Just as an Olympic athlete is unlikely to win gold without effective training and preparation, enterprises wanting to reduce cost, without harming service should first look to their state of readiness in a number of key disciplines before they even approach the starting line. These productivity disciplines are:
The success of your productivity strategy depends on the role it plays in delivering corporate strategy. Is the firm focusing on productivity as a key source of competitive advantage? Does revenue maximization remain the explicit (or implicit) goal? Does the firm regard productivity as a synonym for cost-reduction or does it recognize the importance of end-to-end efficiency and revenue generation?
Transparency of revenue and cost drivers
How well does the organization – and all its’ people – understand what drives revenues and costs? How well are these drivers embedded in performance management and management information systems? Alignment with people’s performance measures is critical.
How well do management and staff understand what the customer sees as value? Does the organization systematically deliver value to customers and eliminate those activities that are not value-adding? Are operational performance metrics aligned to customer value, end-to-end across functional boundaries? Based our experience, good customer service is 25 percent cheaper to deliver than poor customer service. But there needs to be a political appetite at the top of the organization to recognize the benefits and institutionalize change.
Most cost reduction programs are relatively ineffective over the medium- to long-term because they do not reduce the amount of work required per unit of output, so costs tend to grow back over time. Indeed, some short-term cost-out initiatives, such as project deferrals, actually detract from the medium-term performance of the business. Clearly, operating model change programs can create sustainable productivity improvements – for example, through eliminating duplicating functions, outsourcing and offshoring. But they are inevitably periodic in nature. By contrast, continuous improvement is an approach to running the day-to-day business, not an initiative. We have found leading organizations keep driving productivity improvement through a combination of sustained executive focus and support for team-led change through closed-loop learning and improvement cycles.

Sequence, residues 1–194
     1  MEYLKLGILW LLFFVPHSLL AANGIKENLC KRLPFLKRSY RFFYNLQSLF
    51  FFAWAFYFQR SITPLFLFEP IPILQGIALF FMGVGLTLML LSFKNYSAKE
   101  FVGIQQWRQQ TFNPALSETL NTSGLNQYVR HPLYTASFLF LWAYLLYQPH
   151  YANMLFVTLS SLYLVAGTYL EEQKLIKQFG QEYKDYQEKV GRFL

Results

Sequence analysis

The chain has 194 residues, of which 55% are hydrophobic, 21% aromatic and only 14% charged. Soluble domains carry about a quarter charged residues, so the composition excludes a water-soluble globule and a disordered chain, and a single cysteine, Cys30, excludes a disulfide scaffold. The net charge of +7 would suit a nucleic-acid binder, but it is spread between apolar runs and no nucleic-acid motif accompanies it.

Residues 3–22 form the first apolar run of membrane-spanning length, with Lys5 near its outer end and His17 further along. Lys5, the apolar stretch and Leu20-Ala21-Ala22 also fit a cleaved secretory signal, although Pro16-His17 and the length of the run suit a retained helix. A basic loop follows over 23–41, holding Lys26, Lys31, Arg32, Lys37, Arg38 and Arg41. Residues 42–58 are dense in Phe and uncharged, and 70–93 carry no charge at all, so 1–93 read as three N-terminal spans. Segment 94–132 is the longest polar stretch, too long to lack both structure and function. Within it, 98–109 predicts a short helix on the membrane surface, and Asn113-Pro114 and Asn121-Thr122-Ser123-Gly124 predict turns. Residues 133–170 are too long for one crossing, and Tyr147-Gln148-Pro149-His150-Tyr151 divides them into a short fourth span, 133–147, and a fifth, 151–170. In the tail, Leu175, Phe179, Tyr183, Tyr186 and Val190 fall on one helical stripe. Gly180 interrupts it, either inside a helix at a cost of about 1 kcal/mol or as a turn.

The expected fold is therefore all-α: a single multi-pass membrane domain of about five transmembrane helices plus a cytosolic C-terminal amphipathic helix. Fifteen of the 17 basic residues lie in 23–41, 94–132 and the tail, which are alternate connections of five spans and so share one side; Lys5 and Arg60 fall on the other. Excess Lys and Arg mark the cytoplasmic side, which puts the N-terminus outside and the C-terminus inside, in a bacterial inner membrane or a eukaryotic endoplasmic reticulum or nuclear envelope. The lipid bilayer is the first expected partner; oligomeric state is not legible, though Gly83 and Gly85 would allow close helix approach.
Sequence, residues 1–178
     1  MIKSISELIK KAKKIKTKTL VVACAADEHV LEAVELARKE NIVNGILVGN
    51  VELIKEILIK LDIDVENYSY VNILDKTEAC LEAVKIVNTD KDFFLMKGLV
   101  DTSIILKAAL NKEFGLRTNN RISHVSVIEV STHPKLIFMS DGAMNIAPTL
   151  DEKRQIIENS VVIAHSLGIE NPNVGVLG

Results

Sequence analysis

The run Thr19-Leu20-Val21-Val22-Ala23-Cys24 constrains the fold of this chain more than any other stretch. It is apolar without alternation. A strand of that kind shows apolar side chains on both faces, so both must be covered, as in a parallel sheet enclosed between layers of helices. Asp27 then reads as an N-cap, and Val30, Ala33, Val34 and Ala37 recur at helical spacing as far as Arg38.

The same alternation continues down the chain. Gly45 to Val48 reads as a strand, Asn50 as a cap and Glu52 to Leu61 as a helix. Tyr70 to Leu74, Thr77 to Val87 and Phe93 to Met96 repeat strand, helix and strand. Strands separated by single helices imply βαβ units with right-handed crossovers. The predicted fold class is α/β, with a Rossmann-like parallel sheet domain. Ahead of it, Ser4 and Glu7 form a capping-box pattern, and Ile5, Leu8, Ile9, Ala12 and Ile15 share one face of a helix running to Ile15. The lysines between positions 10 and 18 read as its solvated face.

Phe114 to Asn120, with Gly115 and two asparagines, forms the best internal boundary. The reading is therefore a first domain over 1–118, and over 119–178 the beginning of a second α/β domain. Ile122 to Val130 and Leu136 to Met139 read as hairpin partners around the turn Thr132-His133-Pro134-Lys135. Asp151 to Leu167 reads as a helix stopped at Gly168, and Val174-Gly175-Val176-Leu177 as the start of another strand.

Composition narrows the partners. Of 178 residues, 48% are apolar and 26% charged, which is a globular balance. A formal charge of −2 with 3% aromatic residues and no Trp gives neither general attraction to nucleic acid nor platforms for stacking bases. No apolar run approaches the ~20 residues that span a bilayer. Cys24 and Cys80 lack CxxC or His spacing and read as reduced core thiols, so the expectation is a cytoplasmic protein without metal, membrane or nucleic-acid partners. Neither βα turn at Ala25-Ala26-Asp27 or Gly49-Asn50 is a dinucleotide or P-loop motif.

How is investment funding allocated within your organization? Is it effectively a divisional/bottom-up bidding process with limited challenge? Are funding decisions fixed or are they able to change as circumstances change throughout the year? Leading organizations use their understanding of revenue and cost drivers to create a line of sight between strategy, investment spend and benefits across the organization. This results in investment decisions that are based on, and aimed at delivering, the desired future operating model.
Tools and techniques
The key issue here is an organization’s ability to inform and enable its people to understand customer value, to gain insight into the state of core processes, and to identify, evaluate and deliver opportunities for improvement. This means putting relevant financial and operational information in the hands of people who can interpret and draw insight from it in order to drive learning and improvement cycles.
The effectiveness of any productivity strategy is directly impacted by the engagement of its staff and their feeling of empowerment to make changes that enhance productivity. People in the organization have to believe they will be supported and recognized if they come up with and implement ideas to reduce waste. Of all the productivity disciplines, the trust and willing engagement of staff is the most important and often the first to be sacrificed.
Back to top